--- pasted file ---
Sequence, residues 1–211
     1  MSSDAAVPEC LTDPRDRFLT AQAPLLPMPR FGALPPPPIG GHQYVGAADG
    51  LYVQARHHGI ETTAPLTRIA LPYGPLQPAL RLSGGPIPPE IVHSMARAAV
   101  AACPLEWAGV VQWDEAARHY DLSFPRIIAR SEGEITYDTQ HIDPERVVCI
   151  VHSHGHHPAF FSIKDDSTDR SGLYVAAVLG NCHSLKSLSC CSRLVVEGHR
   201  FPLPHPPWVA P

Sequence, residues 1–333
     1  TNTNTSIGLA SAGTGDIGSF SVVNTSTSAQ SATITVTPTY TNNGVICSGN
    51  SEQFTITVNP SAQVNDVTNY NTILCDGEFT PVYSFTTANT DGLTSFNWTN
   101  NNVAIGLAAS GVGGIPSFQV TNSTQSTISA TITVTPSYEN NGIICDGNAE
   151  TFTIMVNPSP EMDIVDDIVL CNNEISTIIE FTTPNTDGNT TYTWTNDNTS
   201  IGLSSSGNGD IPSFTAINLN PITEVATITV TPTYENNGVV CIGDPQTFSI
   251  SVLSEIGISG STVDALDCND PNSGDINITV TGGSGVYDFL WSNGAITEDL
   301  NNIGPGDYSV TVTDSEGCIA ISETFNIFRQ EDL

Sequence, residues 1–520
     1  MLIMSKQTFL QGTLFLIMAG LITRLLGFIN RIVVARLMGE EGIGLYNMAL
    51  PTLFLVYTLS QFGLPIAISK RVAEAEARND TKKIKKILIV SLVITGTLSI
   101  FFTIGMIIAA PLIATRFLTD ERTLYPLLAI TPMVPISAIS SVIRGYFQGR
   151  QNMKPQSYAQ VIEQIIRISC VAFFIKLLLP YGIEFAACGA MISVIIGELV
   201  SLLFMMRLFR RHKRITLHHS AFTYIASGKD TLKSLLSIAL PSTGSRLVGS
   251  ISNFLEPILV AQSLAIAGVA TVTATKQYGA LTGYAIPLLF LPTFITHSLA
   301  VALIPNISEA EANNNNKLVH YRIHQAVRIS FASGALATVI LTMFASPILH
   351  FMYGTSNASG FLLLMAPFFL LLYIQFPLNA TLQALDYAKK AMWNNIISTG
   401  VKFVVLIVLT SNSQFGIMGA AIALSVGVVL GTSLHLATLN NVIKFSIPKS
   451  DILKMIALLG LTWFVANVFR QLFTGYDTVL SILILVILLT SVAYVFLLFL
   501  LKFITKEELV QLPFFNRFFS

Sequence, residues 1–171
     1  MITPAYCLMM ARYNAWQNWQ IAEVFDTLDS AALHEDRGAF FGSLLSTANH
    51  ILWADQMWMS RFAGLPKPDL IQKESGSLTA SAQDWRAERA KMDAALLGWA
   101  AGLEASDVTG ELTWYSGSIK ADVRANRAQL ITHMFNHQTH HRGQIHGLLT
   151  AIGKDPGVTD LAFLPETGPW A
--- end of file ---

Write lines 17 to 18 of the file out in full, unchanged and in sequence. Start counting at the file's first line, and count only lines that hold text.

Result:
    51  PTLFLVYTLS QFGLPIAISK RVAEAEARND TKKIKKILIV SLVITGTLSI
   101  FFTIGMIIAA PLIATRFLTD ERTLYPLLAI TPMVPISAIS SVIRGYFQGR